Robots falling: permission to have hard days

Robots falling: permission to have hard days

Robots falling: permission to have hard days 150 150 Lauren Ellerman

We all have those days, days when everything seems hard.  For our medical malpractice clients, who are facing their own serious injuries or the death of a family member, those days come more often.  Sometimes a little perspective goes a long way.  So when I heard about the epic failures of the most advanced robots doing the simplest things, I knew I wanted to write about them.


The DARPA Robotics Challenge is a competition designed to compare the world’s most advanced robots as they navigate a difficult obstacle course.  The 2015 DRC Finals took place last weekend.  After the dust settled, an entertaining video compilation of the robots’ failures emerged.  Surprisingly, at least to me, the things they struggled with were things many of us take for granted: walking, turning door knobs, climbing stairs.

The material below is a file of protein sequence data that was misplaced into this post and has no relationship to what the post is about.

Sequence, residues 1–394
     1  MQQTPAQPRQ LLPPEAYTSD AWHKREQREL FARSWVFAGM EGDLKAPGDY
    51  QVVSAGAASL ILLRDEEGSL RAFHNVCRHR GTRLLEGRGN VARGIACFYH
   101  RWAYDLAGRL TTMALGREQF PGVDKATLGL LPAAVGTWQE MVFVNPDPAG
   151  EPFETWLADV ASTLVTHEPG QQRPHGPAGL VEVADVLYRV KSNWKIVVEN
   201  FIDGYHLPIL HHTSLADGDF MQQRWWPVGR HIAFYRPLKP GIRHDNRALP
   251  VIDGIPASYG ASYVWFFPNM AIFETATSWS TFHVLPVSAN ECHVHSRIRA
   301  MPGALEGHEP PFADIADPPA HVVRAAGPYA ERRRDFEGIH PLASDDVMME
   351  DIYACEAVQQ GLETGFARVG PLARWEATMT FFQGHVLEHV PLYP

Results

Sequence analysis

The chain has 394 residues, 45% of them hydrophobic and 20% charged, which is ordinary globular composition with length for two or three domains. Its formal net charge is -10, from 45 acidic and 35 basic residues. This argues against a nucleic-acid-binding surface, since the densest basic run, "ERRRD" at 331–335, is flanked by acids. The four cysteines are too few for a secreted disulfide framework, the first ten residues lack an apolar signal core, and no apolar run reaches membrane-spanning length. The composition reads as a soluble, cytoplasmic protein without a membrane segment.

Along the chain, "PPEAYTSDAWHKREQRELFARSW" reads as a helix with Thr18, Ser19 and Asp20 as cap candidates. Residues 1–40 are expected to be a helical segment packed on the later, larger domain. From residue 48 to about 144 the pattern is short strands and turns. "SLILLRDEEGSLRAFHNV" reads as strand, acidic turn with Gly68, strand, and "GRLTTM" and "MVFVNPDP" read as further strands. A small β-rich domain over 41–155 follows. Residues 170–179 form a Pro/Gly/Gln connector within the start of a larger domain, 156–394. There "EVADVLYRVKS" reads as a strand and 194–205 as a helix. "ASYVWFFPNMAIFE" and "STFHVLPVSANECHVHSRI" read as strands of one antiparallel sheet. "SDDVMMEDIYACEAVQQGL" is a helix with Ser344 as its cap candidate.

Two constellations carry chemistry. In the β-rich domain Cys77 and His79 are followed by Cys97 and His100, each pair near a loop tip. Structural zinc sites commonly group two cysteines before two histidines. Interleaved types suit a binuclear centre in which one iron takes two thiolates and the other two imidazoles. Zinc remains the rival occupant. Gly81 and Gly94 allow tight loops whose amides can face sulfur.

Image: DARPA


What did the robots’ failures tell me?  That even the best minds putting in countless hours of research, design, and programming turn out robots that have those days when the easy things seem hard.


If these robots – that are designed specifically to tackle a difficult obstacle course – still fall, we certainly need to give ourselves permission to have bad days, too.  As Vince Lombardi said, “The greatest accomplishment is not in never falling, but in rising again after you fall.”


And, indeed, there is no doubt the DRC competitors are already busy working to get their robots ready for the next competition.


About the author

Lauren Ellerman

In 2011, Lauren Ellerman was named "Young Lawyer of the Year" by the Roanoke Bar Association for her work in the community. To speak with Lauren about your personal injury case, contact her at

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